This book chronicles the path to independence in gripping detail, taking the listener from the battlefields of America to the royal courts of Europe. What started as protest and unrest in the colonies soon escalated to a world war with devastating casualties. O’Reilly and Dugard recreate the war’s landmark battles, including Bunker Hill, Long Island, Saratoga, and Yorktown, revealing the savagery of hand-to-hand combat and the often brutal conditions under which these brave American soldiers lived and fought.
The Loyal Son: The War in Ben Franklin’s House by Daniel Mark Epstein
The dramatic story of a founding father, his illegitimate son, and the tragedy of their conflict during the American Revolution.
The riveting untold story of the fight for the Hudson River Valley, the decisive campaign of the Revolutionary War.
Revolutionary Summer: The Birth of American Independence by Joseph J. Ellis
The summer months of 1776 witnessed the most consequential events in the story of our country’s founding. Ellis meticulously examines the most influential figures in this propitious moment, including George Washington, John Adams, Thomas Jefferson, Benjamin Franklin, and Britain’s Admiral Lord Richard and General William Howe. He weaves together the political and military experiences as two sides of a single story, and shows how events on one front influenced outcomes on the other.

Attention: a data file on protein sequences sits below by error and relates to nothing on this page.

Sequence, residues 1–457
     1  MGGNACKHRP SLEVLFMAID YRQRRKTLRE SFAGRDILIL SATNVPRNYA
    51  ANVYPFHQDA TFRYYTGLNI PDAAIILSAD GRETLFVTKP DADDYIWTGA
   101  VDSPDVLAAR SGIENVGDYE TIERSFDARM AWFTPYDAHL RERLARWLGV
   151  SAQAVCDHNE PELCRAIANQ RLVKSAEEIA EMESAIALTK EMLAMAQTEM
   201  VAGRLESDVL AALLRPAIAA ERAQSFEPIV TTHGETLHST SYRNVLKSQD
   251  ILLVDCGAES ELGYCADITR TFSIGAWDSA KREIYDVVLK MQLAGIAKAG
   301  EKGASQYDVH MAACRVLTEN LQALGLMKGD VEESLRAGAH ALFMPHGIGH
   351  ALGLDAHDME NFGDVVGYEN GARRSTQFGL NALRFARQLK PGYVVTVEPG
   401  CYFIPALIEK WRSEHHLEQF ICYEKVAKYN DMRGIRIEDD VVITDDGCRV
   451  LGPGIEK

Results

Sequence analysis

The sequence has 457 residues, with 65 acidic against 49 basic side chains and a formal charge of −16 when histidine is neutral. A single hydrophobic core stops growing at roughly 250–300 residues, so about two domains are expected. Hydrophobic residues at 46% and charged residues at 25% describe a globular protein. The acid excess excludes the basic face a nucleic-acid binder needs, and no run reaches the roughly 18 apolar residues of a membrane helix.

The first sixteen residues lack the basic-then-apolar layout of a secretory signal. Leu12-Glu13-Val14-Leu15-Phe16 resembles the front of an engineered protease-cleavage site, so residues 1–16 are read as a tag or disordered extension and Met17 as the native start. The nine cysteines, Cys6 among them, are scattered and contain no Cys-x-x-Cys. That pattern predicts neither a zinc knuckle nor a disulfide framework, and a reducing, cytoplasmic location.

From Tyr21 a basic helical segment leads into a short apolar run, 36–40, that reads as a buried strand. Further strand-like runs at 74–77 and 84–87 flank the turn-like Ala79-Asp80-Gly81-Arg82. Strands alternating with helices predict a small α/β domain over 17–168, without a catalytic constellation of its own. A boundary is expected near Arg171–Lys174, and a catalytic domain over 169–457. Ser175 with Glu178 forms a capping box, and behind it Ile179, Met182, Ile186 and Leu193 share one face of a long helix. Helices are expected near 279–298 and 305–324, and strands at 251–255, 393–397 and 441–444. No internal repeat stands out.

The monumental life of Benjamin Rush, medical pioneer and one of our most provocative and unsung Founding Fathers.
1774: The Long Year of Revolution by Mary Beth Norton
The first book to look at the critical “long year” of 1774 and the revolutionary change that took place from December 1773 to mid-April 1775, from the Boston Tea Party and the first Continental Congress to the Battles of Lexington and Concord.
1776 by David McCullough
The stirring story of the year of our nation’s birth, 1776, interweaving, on both sides of the Atlantic, the actions and decisions that led Great Britain to undertake a war against her rebellious colonial subjects and that placed America’s survival in the hands of George Washington.
The Spirit of ’74: How the American Revolution Began by Ray Raphael & Marie Raphael
Americans know about the Boston Tea Party and “the shot heard ’round the world,” but sixteen months divided these two iconic events, a period that has nearly been lost to history. The Spirit of ’74 fills in this gap in our nation’s founding narrative, showing how in these mislaid months, step by step, real people made a revolution.